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August 27, 2006

Today has been colder and we have once again encountered sea ice. The temperature outside at 16:40 was -2 °C. It has snowed lightly off and on today. We are currently located at 79° 30' N latitude and 142° 40' E longitude. The ship seems to be a bit ahead of schedule due to relatively ice-free waters and good weather. The CTD/Rosette has been deployed several times today and will be again when we arrive at our second mooring station in a few hours.

Oceanographer Jean-Claude GascardAfter breakfast, Art and I interviewed one of the scientists conducting research during this trip. Jean-Claude Gascard is an oceanographer at the Université Pierre et Marie Currie in Paris, France. He represents the European project DAMOCLES (Developing Arctic Modeling and Observing Capabilities for Long-term Environment Studies). The project relates to a call from the European Union to investigate the extent and causes of extreme climate change. The core of the DAMOCLES project is to look at the disappearance of Arctic sea ice as an example of such change.

Jean-Claude has been conducting research in the Arctic for 23 years. During that time he has observed an 8–10% decline per decade in the amount of the Arctic Ocean’s summer sea ice. More dramatically, scientists have documented a thinning of sea ice from an average of over 3 m thick 20 years ago to an average of less than 2 m today. This represents an average reduction in sea ice thickness of 40% over the entire Arctic Ocean. The causes of these drastic changes are what Jean-Claude hopes his research will determine.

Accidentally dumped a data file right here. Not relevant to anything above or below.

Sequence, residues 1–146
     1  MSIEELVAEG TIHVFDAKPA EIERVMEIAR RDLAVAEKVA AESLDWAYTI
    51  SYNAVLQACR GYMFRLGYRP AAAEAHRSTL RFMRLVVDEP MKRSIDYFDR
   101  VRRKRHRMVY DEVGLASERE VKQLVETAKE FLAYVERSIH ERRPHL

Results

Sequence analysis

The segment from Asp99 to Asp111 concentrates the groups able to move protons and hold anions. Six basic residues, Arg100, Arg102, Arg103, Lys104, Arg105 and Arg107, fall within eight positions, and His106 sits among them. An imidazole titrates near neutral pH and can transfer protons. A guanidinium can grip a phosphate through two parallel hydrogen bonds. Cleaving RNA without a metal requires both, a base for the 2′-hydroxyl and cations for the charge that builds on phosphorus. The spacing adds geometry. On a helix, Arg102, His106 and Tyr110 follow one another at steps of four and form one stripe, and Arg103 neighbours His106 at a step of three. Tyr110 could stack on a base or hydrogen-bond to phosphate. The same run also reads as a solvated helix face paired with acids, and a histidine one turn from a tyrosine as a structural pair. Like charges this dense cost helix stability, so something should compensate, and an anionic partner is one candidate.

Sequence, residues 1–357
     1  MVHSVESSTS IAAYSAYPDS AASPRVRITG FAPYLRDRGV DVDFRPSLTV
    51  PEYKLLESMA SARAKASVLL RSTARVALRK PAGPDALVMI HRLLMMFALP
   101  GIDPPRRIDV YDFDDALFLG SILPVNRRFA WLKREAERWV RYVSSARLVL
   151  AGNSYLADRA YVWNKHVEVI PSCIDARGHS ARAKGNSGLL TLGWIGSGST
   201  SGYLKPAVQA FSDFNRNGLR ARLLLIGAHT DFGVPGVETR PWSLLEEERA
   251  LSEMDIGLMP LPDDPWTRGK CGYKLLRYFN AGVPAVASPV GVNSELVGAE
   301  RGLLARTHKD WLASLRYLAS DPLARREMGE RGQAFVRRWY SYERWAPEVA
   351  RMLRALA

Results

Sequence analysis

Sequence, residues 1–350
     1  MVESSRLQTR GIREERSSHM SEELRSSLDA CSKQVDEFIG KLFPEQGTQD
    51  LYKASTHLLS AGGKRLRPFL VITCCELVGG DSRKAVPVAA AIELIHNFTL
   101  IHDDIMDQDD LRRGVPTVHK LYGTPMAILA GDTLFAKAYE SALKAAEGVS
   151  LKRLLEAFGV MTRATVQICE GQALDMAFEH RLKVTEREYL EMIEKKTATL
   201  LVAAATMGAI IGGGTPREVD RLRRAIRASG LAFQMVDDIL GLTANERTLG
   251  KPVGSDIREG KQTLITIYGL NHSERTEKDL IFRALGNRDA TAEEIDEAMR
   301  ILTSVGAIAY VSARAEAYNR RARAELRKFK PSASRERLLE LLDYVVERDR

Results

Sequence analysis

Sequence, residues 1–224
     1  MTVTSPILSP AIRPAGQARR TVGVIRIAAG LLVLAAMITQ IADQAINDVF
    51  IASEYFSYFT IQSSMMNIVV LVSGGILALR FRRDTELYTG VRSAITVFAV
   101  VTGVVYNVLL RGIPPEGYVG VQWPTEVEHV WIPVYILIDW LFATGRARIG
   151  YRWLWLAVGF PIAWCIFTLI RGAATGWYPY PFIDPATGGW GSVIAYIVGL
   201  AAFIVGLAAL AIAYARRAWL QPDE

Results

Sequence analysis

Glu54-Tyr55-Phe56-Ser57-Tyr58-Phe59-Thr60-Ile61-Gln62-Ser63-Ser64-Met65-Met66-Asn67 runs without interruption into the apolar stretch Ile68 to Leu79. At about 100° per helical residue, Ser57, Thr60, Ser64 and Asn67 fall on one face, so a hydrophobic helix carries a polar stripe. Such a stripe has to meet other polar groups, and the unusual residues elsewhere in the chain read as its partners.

Dramatic changes in the sea ice will affect the albedo in the Arctic. Albedo refers to the amount of incoming solar radiation reflected by a surface. Bright white snow and sea ice reflect most of the solar energy that reaches the Arctic’s surface back into space. This is one reason the Arctic remains so cold. With the acceleration of sea ice disappearance, more of the darker ocean surface is revealed. The ocean has a much lower reflectivity, and thus absorbs more of the sun's energy. This warms the surface further, causing faster melting of sea ice and so on. A change in albedo on such a grand scale (perhaps over an area as large as the continental United States) could have dramatic impacts on global climate, affecting precipitation patterns and seasonal weather patterns.

This morning it really hit me how fortunate we are to be aboard this research vessel interacting with such a distinguished group of international scientists.

—Mike Dunn


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Kapitan Dranitsyn